Ground effect flying craft, wind powered

Discussion in 'Boat Design' started by Cloxxki, Nov 18, 2011.

  1. Cloxxki
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    Cloxxki Junior Member

    An continuation of my earlier thread:
    http://www.boatdesign.net/forums/propulsion/wind-powered-ground-effect-boat-craft-33363.html

    I'm back breaking my head over such a craft. Not at all thinking it will be easy to realize.

    The more I think about it, the more manouvrable the thing could be. Flying upwind would be relatively easy. It might be able to deal with crosswinds, and then turn downwind. In groundeffect mode, downwind is the hardest to accomplish, as the apparent headwind to generate lift on the body and likely required outer delta-style winds, is zero when going at balloon speed. It gets interesting at double balloon speed. For that, a super low friction catamaran, gradually lifting out and off as speed increases will be needed. A batterypack (stored wind energy) and engine may be required to boost the air prop to get to take-off speeds, after which the wind would self-sustain flight mode.

    Going against the wind, laying still would already generate lift. As any upwind cart, apparent wind could easily reach 1.5* wind speed. Serious lift potential.

    I'm now thinking a wide catamaran would actually be a great basis for my craft. It floats, which is a good start. Takes away a difficult-to-scale self floating tank track. I'm confident that plastic air pockets can be made to work on 1/10 scale, but full scale it will liekly prove very tender.

    Between the two hulls, the vaned tracks could be placed. The hulls nicely contain the incoming apparent wind laterally, needed for ground effect. The tracks, sitting close to the insides of the hulls, would need to reach below the waterline to be able to act for propulsion at low speeds, upwind or even in crosswind.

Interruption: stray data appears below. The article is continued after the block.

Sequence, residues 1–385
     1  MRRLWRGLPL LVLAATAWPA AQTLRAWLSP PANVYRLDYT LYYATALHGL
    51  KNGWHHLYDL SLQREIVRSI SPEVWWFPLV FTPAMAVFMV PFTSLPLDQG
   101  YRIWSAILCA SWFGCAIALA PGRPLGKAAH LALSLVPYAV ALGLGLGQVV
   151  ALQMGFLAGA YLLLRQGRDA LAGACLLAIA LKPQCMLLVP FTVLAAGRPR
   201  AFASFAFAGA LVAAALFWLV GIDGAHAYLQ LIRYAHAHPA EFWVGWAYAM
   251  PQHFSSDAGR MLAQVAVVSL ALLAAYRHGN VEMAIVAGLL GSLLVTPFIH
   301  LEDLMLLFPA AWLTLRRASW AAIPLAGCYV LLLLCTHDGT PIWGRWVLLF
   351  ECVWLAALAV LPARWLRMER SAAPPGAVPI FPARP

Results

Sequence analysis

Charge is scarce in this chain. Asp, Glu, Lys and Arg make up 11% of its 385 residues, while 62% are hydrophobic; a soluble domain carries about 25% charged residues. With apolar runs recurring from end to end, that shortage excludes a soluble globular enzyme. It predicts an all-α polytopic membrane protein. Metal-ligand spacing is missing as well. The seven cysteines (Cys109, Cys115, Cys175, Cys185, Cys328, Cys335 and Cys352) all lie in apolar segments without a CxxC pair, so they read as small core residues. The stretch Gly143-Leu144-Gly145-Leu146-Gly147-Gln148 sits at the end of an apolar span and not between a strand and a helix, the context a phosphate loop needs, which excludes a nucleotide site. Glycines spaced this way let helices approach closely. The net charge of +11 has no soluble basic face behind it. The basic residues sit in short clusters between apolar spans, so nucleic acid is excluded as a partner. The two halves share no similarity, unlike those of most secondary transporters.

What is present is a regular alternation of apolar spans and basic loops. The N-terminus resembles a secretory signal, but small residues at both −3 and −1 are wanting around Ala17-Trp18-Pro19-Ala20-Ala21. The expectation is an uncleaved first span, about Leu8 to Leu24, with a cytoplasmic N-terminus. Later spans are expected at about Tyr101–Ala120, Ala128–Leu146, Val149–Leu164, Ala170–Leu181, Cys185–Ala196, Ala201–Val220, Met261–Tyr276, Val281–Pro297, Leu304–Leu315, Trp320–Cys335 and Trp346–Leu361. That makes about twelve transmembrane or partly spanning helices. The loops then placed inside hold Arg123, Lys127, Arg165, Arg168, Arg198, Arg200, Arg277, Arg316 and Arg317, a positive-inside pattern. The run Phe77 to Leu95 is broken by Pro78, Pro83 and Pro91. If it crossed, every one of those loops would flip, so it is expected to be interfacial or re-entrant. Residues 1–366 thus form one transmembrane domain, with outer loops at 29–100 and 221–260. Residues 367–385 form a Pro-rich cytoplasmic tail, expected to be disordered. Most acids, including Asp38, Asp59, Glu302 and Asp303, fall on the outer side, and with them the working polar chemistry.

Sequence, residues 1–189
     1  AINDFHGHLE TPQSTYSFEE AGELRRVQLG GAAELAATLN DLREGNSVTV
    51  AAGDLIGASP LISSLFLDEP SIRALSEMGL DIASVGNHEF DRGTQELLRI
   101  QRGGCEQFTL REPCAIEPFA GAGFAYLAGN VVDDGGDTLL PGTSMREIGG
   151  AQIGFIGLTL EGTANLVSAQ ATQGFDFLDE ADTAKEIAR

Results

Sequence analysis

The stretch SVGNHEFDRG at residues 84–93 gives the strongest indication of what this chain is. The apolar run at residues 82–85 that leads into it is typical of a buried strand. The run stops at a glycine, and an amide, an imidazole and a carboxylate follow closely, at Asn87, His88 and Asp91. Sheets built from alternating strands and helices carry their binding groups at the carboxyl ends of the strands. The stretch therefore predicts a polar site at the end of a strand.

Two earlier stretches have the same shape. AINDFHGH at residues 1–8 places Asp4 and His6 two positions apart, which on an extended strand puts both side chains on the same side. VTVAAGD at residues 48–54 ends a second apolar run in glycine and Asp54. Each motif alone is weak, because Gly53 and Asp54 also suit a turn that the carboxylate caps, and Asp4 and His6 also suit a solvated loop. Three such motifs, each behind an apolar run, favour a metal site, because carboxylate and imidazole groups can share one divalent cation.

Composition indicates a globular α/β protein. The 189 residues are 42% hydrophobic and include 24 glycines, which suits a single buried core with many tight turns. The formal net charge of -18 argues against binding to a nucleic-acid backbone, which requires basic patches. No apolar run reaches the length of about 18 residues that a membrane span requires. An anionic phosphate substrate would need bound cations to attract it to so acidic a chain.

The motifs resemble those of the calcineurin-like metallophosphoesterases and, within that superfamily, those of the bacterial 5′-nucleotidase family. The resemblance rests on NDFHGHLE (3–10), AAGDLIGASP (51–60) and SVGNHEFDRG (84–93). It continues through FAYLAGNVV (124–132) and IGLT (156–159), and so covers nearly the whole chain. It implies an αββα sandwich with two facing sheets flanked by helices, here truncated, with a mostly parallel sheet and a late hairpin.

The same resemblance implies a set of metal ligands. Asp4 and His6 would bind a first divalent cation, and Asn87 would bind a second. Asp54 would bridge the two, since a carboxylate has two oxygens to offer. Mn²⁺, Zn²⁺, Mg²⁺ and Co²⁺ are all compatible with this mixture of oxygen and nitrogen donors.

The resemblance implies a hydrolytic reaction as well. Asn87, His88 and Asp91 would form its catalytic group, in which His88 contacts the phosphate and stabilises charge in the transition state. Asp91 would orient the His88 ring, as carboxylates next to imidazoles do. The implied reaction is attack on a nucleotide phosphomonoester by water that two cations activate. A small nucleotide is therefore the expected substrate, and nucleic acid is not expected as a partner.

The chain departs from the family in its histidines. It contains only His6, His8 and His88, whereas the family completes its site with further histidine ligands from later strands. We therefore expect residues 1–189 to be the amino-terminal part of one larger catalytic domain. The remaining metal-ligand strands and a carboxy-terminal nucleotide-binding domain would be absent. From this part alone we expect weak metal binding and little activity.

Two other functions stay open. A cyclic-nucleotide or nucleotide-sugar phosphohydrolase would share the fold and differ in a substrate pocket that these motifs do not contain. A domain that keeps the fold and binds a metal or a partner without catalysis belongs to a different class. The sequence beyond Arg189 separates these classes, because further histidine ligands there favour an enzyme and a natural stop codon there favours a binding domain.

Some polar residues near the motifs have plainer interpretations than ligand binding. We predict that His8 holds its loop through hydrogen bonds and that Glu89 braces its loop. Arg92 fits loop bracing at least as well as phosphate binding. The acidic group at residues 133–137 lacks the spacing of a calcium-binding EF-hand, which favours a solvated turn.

The track would form the underside of the flat wing shape of the big bridge, the top would be inside it.

    On deck, apart from from the tall turbine slash propellor(s), I envision collapsable airfoils. Might even be inflatable. They'd be lined up, line 3 per hull. Not tall at all, as that would be cumbersome with the propellor which can turn arounds its axle.

    I hope it works without it, but an engine might be needed to more easily reach take-off. with it on board, able to power either the tracks or the propellor, it might as well get some energy from otherwise wasted solar nergy hitting the deck. So, solar panels there. It's got a huge surface to work with, and solar tech gets lighter every day. It's free green energy, so why refuse it? OK, in the night you'll be without. Just a few kickstarts from the battery packs.
    And yes, the solar surface can be vast. As outside of the hulls, likely large Delta wings will be required to get it all airborne, and place controls. So, more room for solar cells. Solar may not be viable yet for manned flight as sole energy source, I think it could offer a boost an an already flight crafts, with electric engine in place. Add weight for the panels, get maybe an average 100W per m² to be used for the propellor or topping off the batteries. Might be worth it in their weight, might not. It would be great to have some significant solar power for windless days, obviously. And surface area is good for groundeffect anyway.

    My main concetual concern is the efficiency of the vaned tracks for transferring water speed of the hulls into airprop motion. Of course only doubtful of the tracks are out of the water, and just trapping an air bubble. There will be losses, but how many gains? What shape(s) are ideal for extracted to output wind energy ratio? The wheels of the DDWFTTW cart are extremely efficient. How to get the most efficient extractor, when all you have it the very apparent wind you are fighting against, not just ground speed?

    In downwind mode:
    The tracks would need to be resisting water underneath until a significant >1* windspeed figure. Ground effect is not likely to happen until near 2*, and then, apparent wind is only 1* actual wind speed. Not a lot or air passing to extract energy from yet.

    In upwind mode:
    From ancors loose, there is already 1* true windspeed in apparent wind. An A4 paper plane will want to takeoff badly. A boat, not yet.